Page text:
Her Naked Skin
Rebecca Lenkiewicz's take on the suffrage movement hinges on a clichéd story of forbidden love between seamstress Eve Douglas and Lady Celia Cain. Debi Withers is exasperated
I could not help but be stung by sensationalism after seeing Rebecca Lenkiewicz’s critically acclaimed play Her Naked Skin at the Olivier theatre this weekend. It is, quite shockingly, the first ever original play by a woman to be performed in that theatre, something The Guardian’s interview with the playwright coyly skirts around: “Could it be to do with the Olivier stage? Some curse upon it? Rebecca shrugs as we walk towards the lifts – she can’t explain.”
Of all the unsolicited plays that the theatre receives, only one in five are ever from women, the interview goes on to reveal. Artistic director Nicholas Hytner avidly pouts about the Olivier’s particular standards: “It is a theatre that requires a particular set of skills: a muscularity of rhetoric, theme and imagination that will reach a thousand people.” Muscle indeed. The Guardian’s supposed innocence here is not convincing, but at least the edifice of patriarchal cultural colonisation is finally being chipped away in the heady days of progress we call the 21st century. That the play should use one of the greatest, and most obvious, sites of political and civic injustice for its dramatic backdrop – the suffrage campaign to gain the vote in the early years of the 21st century – should be a timely reminder of how far we haven’t come in politics and in art.
I left the theatre confused to why the name ‘Her Naked Skin’ was chosen, when it seemed to bare only minimally on the play
Why did I feel stung by sensationalism? It’s the sensationalism drummed up, of course, by the promise of lesbianism being portrayed on stage, the heady passion of what I will call the ‘forbidden love narrative’ which has become the standard form of representation in lesbian storytelling – at least that granted mainstream legibility. “Love is just fear I suppose. Masquerading as a fever.” These lines are spoken by Celia Cain in the play, an upper middle class suffrage campaigner who becomes embroiled with the plaintively innocent Eve Douglas, a working class newbie to the militant actions of the WSPU (the Women’s Social and Political Union – the militant branch of Suffragettes, with the motto “deeds not words”) and also the wonderful, if stressful, world of lesbo loving. It is in prison where their hearts cross paths – they share lustful looks over the potato peeling, and their relationship takes form in the clandestine spaces of cells, Eve’s bedroom and the romantically divine Epping forest. Anywhere. Just not in full view of the public, of course. The forbidden love narrative is pungently realised through jumpy kisses and the promise of dangerous excitement.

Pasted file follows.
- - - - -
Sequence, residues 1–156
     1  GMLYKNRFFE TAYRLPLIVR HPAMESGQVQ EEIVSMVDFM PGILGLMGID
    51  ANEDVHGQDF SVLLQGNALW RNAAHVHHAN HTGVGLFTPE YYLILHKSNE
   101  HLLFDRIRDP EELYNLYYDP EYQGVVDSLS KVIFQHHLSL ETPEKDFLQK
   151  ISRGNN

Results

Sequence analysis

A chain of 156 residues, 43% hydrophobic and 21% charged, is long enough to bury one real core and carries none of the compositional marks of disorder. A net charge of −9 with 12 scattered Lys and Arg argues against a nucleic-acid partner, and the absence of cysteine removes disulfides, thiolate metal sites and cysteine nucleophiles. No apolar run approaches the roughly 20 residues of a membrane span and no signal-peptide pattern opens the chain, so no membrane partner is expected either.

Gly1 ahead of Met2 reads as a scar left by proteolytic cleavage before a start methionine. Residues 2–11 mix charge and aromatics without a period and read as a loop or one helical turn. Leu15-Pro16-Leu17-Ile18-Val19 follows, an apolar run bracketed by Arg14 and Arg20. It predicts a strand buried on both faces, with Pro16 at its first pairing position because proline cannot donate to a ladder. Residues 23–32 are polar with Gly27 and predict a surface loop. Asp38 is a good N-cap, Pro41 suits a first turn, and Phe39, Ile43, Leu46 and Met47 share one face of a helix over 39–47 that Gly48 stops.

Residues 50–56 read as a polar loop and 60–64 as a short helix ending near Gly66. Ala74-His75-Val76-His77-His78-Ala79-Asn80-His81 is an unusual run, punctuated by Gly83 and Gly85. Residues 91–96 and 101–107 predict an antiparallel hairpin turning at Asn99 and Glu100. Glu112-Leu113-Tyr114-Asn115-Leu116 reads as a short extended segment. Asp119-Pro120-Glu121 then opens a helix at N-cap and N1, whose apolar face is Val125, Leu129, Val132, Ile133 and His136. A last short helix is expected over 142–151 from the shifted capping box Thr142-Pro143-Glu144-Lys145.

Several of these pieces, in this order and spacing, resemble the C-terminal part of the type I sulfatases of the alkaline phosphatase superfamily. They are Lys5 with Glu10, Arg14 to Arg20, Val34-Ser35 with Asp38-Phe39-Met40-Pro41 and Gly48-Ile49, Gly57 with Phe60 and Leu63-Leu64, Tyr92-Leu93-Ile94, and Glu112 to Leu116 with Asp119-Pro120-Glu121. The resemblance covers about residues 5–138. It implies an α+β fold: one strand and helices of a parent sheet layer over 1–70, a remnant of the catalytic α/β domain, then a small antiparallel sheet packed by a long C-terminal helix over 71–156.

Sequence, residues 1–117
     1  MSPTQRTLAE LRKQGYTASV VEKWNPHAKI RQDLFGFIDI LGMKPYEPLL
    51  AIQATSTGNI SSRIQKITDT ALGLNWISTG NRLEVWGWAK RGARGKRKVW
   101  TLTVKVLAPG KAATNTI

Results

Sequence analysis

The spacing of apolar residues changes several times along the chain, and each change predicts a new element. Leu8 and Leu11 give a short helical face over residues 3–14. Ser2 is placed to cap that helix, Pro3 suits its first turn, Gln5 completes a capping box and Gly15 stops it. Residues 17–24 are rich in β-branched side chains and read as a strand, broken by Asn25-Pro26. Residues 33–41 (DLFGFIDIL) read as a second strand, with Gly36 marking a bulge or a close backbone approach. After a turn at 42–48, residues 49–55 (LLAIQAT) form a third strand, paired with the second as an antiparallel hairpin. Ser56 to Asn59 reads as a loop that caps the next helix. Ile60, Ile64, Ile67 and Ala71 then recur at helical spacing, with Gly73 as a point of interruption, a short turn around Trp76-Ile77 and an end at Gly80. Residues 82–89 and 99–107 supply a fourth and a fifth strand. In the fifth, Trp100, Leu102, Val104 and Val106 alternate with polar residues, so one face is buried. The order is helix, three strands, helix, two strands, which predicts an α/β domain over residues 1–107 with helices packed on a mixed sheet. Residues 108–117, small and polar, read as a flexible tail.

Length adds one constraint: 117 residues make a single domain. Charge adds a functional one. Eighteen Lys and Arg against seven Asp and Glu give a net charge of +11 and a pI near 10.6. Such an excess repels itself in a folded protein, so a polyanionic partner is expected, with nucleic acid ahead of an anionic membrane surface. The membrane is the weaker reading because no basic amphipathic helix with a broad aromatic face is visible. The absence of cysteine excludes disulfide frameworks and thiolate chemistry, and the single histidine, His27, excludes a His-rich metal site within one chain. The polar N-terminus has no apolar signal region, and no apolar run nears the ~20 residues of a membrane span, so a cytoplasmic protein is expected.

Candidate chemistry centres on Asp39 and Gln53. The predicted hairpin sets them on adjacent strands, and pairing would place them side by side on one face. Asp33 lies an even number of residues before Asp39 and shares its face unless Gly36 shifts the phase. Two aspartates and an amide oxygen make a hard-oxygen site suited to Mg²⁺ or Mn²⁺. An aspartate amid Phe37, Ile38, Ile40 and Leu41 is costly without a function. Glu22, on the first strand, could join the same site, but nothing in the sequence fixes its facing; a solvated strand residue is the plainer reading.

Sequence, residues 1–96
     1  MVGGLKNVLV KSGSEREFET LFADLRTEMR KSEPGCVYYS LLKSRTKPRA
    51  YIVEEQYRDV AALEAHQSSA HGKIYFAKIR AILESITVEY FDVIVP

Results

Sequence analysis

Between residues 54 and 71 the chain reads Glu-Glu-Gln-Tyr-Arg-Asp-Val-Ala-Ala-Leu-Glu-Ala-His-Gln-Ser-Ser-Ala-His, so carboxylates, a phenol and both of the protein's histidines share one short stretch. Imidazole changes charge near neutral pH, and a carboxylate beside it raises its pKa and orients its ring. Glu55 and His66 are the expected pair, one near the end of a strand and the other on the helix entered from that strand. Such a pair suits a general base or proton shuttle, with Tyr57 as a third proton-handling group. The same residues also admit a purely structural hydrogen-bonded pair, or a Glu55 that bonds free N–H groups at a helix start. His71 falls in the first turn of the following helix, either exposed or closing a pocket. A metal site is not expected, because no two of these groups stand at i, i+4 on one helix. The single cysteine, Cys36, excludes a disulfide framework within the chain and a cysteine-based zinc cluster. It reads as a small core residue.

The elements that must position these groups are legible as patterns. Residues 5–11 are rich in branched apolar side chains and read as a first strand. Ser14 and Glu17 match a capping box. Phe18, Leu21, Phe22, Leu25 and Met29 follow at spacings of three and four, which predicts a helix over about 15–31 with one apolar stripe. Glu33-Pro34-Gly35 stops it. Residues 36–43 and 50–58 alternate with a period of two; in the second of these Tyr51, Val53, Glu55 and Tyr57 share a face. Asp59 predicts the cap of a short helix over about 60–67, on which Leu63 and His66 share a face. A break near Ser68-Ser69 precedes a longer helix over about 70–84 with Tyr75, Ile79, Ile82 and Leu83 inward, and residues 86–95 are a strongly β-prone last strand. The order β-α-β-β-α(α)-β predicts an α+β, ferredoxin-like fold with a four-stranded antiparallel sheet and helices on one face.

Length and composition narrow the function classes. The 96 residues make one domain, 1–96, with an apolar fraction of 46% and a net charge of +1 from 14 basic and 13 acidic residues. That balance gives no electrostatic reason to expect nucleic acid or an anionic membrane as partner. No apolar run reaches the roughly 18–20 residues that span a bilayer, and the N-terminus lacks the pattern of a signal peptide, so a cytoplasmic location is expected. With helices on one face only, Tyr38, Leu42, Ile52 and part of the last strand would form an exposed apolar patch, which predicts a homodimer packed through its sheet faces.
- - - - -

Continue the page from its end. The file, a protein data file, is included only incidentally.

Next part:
I am not being callous with my description of the plot, or disrespectful to the history of women who have tried to love each other passionately and honestly. Only today did my lover and I receive lesbophobic derision on the streets of London, which only serves to remind me that public is not always a safe space to be in. Nor am I being unrealistic about the extent whereby female bonds can flourish in periods which are less forgiving or ’emancipated’. My worry is how the forbidden love story has become the recurring and standardised trope of lesbian fiction – be it on film, TV, theatre, or in books. These forms of representation are increasingly pedestrian, uninspiring and, I would argue, reinforce heteropatriarchal ideas of what a lesbian life should look like, what it is allowed to look like.
I may sound like a like a radical 70’s separatist in saying so, but I hate to see possibility co-opted, contained, rendered normal, polite, acceptable